It was expected to fetch up to £12,000 in the sale in Edinburgh, but competitive bidding drove it up to double that price and it was bought by an anonymous bidder at the Lyon & Turnbull sale.
In the letter, which is dated January 19 1853, two years before her death, the author thanks pharmacist David Waldie for his praise.
Waldie, from Linlithgow, West Lothian, wrote to Bronte after being impressed by Jane Eyre, published in 1847 under the pseudonym Currer Bell.
Bronte replied in her letter: ''The sincere affection of a reader's gratification is - I scarcely need to say - one of the much acceptable favours in which an author can be repaid for his labours.
''I shall be glad if any future work of mine gives you equal pleasure to that you speak of having found in 'Jane Eyre'.''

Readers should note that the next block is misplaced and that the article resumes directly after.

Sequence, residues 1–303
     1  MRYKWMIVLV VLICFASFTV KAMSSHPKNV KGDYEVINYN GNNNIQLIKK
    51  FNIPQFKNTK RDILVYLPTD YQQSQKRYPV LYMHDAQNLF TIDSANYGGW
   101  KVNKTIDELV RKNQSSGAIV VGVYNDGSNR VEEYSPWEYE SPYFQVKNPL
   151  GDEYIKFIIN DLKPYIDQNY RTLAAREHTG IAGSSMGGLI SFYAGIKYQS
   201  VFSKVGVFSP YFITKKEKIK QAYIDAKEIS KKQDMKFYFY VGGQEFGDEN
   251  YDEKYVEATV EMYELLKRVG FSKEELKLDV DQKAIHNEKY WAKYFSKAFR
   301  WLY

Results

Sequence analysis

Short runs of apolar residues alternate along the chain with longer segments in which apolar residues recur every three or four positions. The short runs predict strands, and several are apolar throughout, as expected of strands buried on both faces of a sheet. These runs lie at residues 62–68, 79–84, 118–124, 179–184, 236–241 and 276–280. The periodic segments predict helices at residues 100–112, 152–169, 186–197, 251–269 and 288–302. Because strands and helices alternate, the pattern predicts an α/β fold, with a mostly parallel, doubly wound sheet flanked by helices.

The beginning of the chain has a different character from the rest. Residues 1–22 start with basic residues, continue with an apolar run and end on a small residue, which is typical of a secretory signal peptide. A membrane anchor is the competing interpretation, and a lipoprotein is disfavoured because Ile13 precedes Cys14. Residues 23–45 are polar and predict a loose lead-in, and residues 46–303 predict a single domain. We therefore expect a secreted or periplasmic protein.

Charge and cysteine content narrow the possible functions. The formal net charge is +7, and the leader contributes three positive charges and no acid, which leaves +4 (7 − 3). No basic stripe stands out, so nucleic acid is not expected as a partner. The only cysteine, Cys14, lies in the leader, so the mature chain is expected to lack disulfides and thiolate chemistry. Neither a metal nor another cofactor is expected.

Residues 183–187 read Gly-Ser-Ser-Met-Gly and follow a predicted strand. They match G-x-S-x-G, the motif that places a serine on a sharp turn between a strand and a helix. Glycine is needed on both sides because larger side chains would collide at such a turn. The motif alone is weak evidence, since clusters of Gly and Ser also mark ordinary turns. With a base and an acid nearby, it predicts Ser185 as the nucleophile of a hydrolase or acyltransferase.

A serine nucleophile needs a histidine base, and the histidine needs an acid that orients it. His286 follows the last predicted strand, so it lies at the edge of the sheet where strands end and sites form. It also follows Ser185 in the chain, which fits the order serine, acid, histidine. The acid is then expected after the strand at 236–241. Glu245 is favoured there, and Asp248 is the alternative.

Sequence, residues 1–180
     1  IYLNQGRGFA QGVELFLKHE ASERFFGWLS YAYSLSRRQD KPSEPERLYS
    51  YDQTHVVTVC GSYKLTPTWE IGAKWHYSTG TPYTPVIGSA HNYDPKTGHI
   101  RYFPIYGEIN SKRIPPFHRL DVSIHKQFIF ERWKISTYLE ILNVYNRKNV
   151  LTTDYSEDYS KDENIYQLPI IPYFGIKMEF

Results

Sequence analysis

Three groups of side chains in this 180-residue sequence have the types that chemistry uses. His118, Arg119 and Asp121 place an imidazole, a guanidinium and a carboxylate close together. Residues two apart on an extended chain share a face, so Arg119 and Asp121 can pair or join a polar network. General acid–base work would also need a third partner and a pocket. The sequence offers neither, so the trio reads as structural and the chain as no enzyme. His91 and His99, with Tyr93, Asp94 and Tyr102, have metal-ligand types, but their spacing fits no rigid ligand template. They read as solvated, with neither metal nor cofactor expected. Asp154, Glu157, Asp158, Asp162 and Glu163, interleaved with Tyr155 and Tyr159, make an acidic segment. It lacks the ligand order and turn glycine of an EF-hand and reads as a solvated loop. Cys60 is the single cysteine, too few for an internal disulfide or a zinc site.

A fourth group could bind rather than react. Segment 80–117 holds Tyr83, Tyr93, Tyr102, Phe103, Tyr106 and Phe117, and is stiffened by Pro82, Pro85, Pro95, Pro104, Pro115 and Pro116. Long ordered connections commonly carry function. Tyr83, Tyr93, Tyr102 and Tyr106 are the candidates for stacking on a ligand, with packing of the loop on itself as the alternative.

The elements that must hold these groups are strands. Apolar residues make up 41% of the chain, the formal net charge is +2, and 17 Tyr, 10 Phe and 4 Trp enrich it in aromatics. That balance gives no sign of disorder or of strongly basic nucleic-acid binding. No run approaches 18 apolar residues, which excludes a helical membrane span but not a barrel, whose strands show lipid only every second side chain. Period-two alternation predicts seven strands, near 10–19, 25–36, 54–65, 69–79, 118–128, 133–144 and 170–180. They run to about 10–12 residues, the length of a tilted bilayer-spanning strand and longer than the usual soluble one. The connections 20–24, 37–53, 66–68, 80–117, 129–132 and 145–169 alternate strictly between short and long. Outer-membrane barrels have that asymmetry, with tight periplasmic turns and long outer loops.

Cathy Marsden, book specialist at Lyon & Turnbull, said: "We had huge interest in the letter, particularly from all the press coverage we have had, and it seems to have caught the public's imagination."
Elder sister Charlotte died aged 38 in 1855 while pregnant with her first child.
The sale was part of the Rare Books, Maps & Manuscripts auction, which also included a rare first edition copy of Adam Smith's The Wealth Of Nations valued at £50,000.